IT Open Meeting May 2023 | Your questions answered

A summary of questions and answers from the open meeting with the IT Executive Leadership Team held in February 2023.

You can also view the recording of the meeting

The questions are divided into the following sections: 

Projects (M/N migration, Windows Refresh, Teams Voice) 

Can you give an update on the M and N drive migration and more details about the project plan?  

The project to migrate files from Documentum and the M and N drives is part of the Digital Enablement programme.  

The first stage of this is a 'discovery' which has recently started. This will help us to understand more about the M&N drives and Documentum are used. Once complete, we will be working with the Faculty Operations Directors and Managers (FODMs), their equivalents in Professional Services and other key stakeholders to understand what the data means and what needs to happen in terms of migration.  

The main driver for this project is to move us on to a more stable, flexible and scalable approach to how we store files in Microsoft SharePoint. We will be co-creating the plan for moving our files (migration) with our key stakeholders and we want to ensure you have plenty of notice and support. As part of the project, we're looking at the best approach to both communications and the people and change elements.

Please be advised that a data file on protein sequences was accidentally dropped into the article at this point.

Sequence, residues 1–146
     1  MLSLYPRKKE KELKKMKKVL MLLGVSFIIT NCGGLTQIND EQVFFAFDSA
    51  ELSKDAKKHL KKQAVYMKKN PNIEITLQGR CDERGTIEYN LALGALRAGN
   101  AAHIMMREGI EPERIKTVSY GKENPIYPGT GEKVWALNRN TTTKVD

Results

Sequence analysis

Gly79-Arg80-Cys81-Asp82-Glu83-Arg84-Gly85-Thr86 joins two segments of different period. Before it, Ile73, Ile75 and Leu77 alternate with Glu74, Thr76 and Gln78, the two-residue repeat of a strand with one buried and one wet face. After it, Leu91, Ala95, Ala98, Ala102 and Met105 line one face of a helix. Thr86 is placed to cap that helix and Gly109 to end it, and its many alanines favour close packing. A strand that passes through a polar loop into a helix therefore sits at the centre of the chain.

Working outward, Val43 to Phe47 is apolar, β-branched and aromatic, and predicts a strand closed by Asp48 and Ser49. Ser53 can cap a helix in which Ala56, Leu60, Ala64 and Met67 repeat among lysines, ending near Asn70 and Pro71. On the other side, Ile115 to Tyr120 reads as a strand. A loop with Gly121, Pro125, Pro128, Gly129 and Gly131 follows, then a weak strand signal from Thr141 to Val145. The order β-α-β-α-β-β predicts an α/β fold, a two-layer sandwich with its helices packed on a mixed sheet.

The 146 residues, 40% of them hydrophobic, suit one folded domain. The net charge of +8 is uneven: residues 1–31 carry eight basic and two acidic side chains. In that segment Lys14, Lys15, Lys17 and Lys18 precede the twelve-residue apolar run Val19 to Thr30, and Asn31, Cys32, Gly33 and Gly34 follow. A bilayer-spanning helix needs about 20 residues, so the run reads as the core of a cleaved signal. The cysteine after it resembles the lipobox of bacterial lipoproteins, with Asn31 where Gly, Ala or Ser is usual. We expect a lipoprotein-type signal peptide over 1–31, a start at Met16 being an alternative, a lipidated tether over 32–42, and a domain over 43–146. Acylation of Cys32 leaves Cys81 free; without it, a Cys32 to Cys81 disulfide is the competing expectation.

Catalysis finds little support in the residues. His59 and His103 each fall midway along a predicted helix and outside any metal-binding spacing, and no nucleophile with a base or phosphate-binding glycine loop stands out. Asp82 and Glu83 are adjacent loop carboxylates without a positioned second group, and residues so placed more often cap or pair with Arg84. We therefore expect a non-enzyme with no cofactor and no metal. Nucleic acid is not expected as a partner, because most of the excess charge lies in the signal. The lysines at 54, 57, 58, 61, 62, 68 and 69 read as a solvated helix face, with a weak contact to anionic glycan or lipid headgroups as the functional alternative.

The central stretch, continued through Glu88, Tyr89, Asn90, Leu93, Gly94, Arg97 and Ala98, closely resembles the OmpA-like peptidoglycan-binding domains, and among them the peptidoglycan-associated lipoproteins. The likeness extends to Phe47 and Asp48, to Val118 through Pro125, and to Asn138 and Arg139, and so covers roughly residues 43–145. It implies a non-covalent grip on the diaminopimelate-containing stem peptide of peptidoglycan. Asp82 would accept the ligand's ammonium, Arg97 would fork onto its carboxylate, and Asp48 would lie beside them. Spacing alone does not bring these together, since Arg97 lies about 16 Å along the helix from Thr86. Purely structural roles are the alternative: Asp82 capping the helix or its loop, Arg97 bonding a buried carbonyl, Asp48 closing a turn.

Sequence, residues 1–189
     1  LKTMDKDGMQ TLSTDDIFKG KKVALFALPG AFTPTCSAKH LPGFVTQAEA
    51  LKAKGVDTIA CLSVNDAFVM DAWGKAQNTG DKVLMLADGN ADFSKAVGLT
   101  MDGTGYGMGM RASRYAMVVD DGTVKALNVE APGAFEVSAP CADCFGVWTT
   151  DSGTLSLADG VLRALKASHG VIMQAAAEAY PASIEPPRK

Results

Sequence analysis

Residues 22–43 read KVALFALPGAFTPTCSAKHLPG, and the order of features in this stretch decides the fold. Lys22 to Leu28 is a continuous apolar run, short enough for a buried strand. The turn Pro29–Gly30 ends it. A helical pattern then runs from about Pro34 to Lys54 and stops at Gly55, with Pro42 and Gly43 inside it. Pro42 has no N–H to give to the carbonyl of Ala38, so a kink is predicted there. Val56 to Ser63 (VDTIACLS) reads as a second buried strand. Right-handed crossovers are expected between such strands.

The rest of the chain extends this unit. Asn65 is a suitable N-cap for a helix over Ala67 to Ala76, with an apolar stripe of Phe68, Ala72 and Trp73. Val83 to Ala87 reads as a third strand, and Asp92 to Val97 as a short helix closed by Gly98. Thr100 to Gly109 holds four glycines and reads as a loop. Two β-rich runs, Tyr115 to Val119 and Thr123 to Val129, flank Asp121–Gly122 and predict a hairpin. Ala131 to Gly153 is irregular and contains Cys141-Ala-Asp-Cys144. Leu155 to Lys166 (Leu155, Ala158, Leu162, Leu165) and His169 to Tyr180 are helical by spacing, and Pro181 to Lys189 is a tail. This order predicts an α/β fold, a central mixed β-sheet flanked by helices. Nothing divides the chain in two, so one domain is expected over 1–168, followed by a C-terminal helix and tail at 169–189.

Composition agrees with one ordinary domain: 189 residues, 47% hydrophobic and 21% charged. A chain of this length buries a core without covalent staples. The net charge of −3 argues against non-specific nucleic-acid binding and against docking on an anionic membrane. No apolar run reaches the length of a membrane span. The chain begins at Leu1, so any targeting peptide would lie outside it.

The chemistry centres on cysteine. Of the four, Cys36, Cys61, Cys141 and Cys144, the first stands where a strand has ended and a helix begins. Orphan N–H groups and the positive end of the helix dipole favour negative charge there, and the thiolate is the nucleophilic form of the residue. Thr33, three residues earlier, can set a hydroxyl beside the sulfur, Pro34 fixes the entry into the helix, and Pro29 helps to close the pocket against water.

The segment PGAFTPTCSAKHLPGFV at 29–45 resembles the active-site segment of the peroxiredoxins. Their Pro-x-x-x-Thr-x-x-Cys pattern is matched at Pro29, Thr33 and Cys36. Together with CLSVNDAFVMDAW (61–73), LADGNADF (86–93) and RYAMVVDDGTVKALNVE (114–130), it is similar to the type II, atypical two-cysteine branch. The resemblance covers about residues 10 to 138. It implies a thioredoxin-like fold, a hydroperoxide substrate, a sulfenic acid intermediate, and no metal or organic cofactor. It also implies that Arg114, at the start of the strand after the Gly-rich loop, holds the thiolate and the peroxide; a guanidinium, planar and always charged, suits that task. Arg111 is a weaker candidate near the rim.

Why does the Windows Virtual Desktop (WVD) not work on Windows 7 machines (which some people still have at home)?  

Windows 7 is no longer supported by Microsoft. This means that they don't develop it as a product anymore and it no longer receives security updates. This is why there has been a huge program across the University to replace our aging Windows 7 equipment with devices that run Windows 10 or Windows 11. WVD is also a Microsoft product, and they do not support it on Windows 7. 

We recommend you do not use devices running Windows 7 at home to avoid security risks, and you should not process University data on these devices (unless they are in the small group of University owned devices that are still waiting to be replaced).  

If you are processing personal data on a device running Windows 7, it is at risk. If you have a personal device still running Windows 7 you may be able to upgrade it to Windows 10/11 if your device supports it, and you should do this if possible.  

What is the status of the Windows 11 updates? There are still some Windows 7 desktops out there on campus, are they being replaced?